April 4, 2015


Previously published pieces of mine have been published in Skirmish, Socrates, Aphelion, The Woven Tale Press, Idea Gems, SNM Magazine, TWJ Magazine, Shadows Express, 365 Tomorrows, Shadows Express, Redhead Magazine, Aquarius Atlanta, Vocal Images, Cover of Darkness and CLR India. I am the Chorus Master of a Chorus in Germany, a big band vocalist, an operatic baritone and an exhibited artistic painter.


    By Herbert Eyre Moulton

    As a professional actor, I have had the joy of working worldwide with the likes of Clint Eastwood, Alan Rickman and Larry Hagman. Being MCA’s star in the Dinner-Show-Scene in the 1950’s proved to be just as fun as conducting the Camp Gordon Chapel Choir during the Korean War. The joy of spending my later professional years creating student programmes for the Austrian Radio and becoming well-known as the commercial face for Viennese chocolate and continental banks crowned my career.
    Not bad for kid from Glen Ellyn, Illinois.
I never forgot my roots.
Therefore, I will take you back to those good old days before Illinois was online. Back then, life was different. And I’ve often wondered: was it only during Depression times that people got so overly sentimental or has the economy nothing to do with it? I recall tears shed by my mother Nell and her lady friends, sitting in our Glen Ellyn house at 429 Taylor Avenue, on occasions both doleful and joyous. I always put down these lachrymose demonstrations as being a part of the territory, and on Nell’s part, pure Irish.
    But others, as well. Menfolk, even myself included, often succumb. Turn on Puccini’s La Boheme and watch my reaction. Breaking down and having a good cry has always been a kind of release from the tensions of hard times, especially the 30’s in Glen Ellyn, as I remember them.
    The very titles of the films saw at the old Glen can still tickle the tear ducts: Of Human Hearts, Valient is the Word for Carrie, Imitation of Life, Stella Dallas, Little Women, Dark Victory. Not to mention those that came later, such as the Lassie series. Anything to with animals, strays or otherwise made us awash in sentiment, most likely as a counterbalance to universal unemployment and businesses and banks folding up like lawn chairs.
    Among countless birthday cards and scattered newspaper clippings, as well as documents about carnival prizes and Pet-and-Hobby-Shows, are a series of post cards, notes, booklets and prayers from the First Congretional Church Sunday School to which my devout Catholic mother sent me from 1931 to 1933. Our family was a living Ecumenical Movement. My father Big Herb was from old Protestant stock, Nell an intense “bead-roller”, all three of us dwelling splendiferous peace and harmony, decades before Pope John XXIII.
    Nell and my redoubtable Sunday School teacher Mrs. Mardorf prepared me better for my Christian future than they knew. Although portions of this collection are sentimental, they still count as authentic Depression Days attitudes, the very stuff of our lives in those far-off, no doubt over-romanticized times. Anyone who has leafed through these Moulton family books has paused smiling, sometimes laughing at, for example, all the “We-miss-your-smiling-face”-bits and “Your-little-chair was empty”-quotes.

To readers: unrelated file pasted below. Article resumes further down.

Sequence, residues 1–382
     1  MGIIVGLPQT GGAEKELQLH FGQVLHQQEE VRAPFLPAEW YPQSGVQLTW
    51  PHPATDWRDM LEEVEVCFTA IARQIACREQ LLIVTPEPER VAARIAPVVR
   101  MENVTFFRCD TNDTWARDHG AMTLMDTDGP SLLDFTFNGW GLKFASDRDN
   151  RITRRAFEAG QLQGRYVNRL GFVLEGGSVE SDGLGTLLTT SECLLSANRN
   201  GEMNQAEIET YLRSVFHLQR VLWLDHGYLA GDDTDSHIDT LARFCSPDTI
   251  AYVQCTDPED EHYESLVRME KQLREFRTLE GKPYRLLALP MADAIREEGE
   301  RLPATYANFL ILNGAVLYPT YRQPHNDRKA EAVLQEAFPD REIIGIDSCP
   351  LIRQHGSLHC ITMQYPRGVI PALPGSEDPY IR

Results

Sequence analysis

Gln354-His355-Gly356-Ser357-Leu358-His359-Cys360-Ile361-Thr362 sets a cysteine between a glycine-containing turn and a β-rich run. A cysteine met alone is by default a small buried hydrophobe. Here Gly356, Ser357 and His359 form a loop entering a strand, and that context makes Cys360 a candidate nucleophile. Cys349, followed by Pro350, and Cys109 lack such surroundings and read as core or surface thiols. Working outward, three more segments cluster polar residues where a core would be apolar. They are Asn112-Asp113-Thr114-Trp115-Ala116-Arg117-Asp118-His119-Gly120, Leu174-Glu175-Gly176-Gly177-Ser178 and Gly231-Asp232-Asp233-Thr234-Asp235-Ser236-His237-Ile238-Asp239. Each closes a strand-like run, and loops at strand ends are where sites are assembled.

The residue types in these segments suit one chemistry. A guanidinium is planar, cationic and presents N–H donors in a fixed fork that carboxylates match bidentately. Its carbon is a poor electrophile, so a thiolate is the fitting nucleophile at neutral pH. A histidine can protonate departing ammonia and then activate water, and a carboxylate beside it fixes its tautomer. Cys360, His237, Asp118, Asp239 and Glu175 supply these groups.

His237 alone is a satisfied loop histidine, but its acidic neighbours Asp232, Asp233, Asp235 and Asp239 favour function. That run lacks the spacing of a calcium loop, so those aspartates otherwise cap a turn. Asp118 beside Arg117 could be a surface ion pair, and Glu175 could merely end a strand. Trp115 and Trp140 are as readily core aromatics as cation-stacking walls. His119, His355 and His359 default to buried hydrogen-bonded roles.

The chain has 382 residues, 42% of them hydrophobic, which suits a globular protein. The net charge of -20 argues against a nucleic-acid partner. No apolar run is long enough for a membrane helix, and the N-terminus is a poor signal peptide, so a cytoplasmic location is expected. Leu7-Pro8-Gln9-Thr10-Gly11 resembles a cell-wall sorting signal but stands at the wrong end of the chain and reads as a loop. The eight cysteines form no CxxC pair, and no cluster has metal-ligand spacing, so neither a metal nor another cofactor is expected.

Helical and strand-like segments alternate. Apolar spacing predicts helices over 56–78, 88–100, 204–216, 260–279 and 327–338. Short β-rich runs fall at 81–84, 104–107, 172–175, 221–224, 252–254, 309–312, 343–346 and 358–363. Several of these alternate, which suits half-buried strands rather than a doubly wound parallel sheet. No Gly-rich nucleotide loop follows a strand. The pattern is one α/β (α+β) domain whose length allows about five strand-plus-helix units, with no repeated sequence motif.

I seemed to have been absent a lot.
    Of the contents in general, the common opinion has always been: “But what a legacy your parents have left you! These are priceless! They could never be replaced!”
    Decades before Women’s Lib, here we have endearing and enduring evidence, as if it were really needed, of how strong a matriarchal a society America was in those days, and all the better for it.
    Our sentimental saga begins with my immortal words:
“Now I go to Sunday School and I enjoy it so much!”:


    This certifies that Herbert Moulton is promoted from the Cradle Roll Department of the Glen Ellyn First Congretional Church to the Beginner’s Department.
    (Three impressive signatures)                September 21st, 1931

    So, I’d been attending that stalwart Cradle Roll Department for some time before I received my first diploma, which was accorded all the deference and respect such a document might receive were it issued from Oxford or Yale. Pinned to it was a lapel button with a toddler’s face and Beginner’s Department, which I still wear now and then for fun.
    My entrance into that department, however, was accompanied with the usual childhood “disease”. Mine, luckily, were always of the mildest variety, beginning with ...

Glen Ellen News, Friday, September 30th, 1931


Little Herbert Moulton of 429 Taylor Avenue, is quaranteened at the present time with Whopping Cough. At least, that’s what the sign next to the Moulton’s front door states. Luckily, this is an extremely mild case, due perhaps to the nine injections administered lately by the family doctor from Villa Park.

Nevertheless, Little Herbert will have to be quaranteened for at least another two weeks. He is grateful for all the phone calls and Get-Well-cards he has received and he and his parents  hope it will not be long before he is his usual happy smiling self and out among his little friends once again.

    Nell pasted the clipping into the Moulton Family Album and next to it, of course, the usual photo of the little patient, big as life and smilingly pointing to the quaranteen sign at the front door.
This caused a ripple among that same circle when Nell sent one them, Irene Marley from across the street, home in tears because of the quaranteen. A moment later came an indignant phone call from Irene’s mom, Myrtle, a strict Catholic-turned-Christian-Scientist.
    “You don’t have to worry about Irene,” said Myrtle. “She’s God’s child. Nothing can happen to her.”
    “Well,” countered Nell. “Herbert is Nell’s child and he is quaranteened by law because he has a contagious disease. Irene can come back and play when the sign is down.”